Recent Physics Research Projects
Below is a compilation of the most recent Physics projects I have worked on. The project topics are varied in scope and mostly revolve around computational approaches to quantum optics, optical response of semiconductor devices and the design of exciton and spin qubit control mechanisms in quantum dot arrays. Following each project I added a link to the corresponding research pre-print or publication when applicable.
Motivation and Aims
Quantum dot molecules are promising building blocks for semiconductor-based approaches to scalable quantum information technologies. The controllability of their exciton spectrum, and the selective excitation of the spin and charge degrees of freedom, make exciton-based coherent control protocols a viable route for the implementation of universal quantum gates.
In this project, we implemented a Rosen-Zener model and performed numerical and analytic non-perturbative calculations based on the Bloch-Feshbach projection operator formalism, to uncover the effects of coherent population trapping of indirect excitons in QDMs. In particular, we characterized the signatures of the optical Stark effect on the spectrum and dynamics of spatially indirect excitons in laser driven quantum dot molecules.
To solve the problems in this project I used the following numerical and analytical techniques : 1. Rosen-Zener model, 2. Bloch sphere representation. 3. Density matrix formalism, 4. Eigenvector spectral decomposition, 5. Dimensionality reduction by projection operators, 6. Markovian master equations. 7. Quantum trajectories, 8. Quantum gates.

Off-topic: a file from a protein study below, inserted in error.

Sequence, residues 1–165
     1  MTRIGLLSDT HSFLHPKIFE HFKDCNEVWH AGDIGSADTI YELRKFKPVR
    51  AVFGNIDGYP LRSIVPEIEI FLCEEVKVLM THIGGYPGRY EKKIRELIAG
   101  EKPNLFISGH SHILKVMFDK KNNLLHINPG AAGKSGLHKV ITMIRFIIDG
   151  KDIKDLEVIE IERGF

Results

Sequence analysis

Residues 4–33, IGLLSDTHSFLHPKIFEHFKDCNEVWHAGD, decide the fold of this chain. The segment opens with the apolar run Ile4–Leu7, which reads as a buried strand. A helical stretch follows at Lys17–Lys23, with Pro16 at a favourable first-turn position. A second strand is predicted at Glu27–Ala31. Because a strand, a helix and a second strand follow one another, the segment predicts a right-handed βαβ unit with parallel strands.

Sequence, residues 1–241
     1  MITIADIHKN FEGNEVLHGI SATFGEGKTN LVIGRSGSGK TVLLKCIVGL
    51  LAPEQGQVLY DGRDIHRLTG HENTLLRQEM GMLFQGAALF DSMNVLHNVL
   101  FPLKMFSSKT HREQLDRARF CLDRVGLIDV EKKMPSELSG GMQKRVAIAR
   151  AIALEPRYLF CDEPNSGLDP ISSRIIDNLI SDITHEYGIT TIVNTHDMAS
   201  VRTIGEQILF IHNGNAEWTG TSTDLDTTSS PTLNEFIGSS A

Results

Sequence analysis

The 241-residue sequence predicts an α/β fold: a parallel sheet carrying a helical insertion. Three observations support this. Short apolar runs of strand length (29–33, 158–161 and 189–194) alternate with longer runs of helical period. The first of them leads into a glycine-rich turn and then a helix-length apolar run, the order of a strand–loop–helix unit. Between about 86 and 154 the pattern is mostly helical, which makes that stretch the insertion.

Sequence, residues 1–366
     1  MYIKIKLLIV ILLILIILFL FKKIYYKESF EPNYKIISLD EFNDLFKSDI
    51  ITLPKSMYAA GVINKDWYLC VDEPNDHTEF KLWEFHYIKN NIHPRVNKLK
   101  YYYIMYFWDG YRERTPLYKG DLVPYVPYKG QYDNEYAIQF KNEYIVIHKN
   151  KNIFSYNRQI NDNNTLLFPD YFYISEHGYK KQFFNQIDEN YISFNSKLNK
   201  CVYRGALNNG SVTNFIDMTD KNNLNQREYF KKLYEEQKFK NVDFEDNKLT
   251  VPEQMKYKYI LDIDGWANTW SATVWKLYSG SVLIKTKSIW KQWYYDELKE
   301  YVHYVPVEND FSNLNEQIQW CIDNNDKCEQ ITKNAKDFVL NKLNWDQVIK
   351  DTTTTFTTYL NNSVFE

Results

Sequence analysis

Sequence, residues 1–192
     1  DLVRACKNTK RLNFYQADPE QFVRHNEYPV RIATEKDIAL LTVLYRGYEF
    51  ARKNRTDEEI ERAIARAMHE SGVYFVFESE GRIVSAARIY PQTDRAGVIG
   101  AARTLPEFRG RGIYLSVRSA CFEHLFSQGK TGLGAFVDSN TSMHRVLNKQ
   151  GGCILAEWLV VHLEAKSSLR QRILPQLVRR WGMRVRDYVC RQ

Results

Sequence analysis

The simulation results show that the exciton spectrum contains an avoided crossing between two spatially indirect excitons defining a qubit, which is resilient against decoherence arising from strong excitation power and dissipation-induced broadening effects. In addition, we show that it is possible to perform an all-optical implementation of indirect-excitonic qubit operations, such as the Pauli-X and Hadamard quantum gates, across two defined axis of the Bloch Sphere.
Motivation and Aims
Electron spin qubits in double quantum dot devices are one of the building blocks of quantum computing at the nanoscale. In this project, I performed a computational simulation of the control of singlet-triplet spin qubits applicable to GaAs (gallium arsenide) and Si/Ge (silicon-germanium) coupled quantum dot devices. The aim of the project was the engineering of the qubits' coherent dynamics in the presence of quantum noise due to hyperfine interactions with the nuclear spins of the host material.
To solve the problems in this project I used the following numerical and analytical techniques : 1. Hamiltonian matrix formalism 2. Density matrix formalism, 3. Eigenvector spectral decomposition, 4. Dimensionality reduction by projection operators, 5. Markovian master equations, 6. Statistical estimation theory of return probabilities.
The simulation results show that the spin-orbit interaction associated to quantum tunneling processes that flip the electron spin have well defined signatures. These signatures are characterized by a frequency shift and Fourier amplitude modulation of the Rabi flopping dynamics of the singlet-triplet qubits S−T0 and S−T+. The results of the dimensionality reduction procedure show that the aforementioned effects originate from the interplay between spin-orbit interaction and processes driven by the hyperfine interaction between the electron spins and those of the GaAs nuclei.
Copyright © 2018 Juan E. Rolon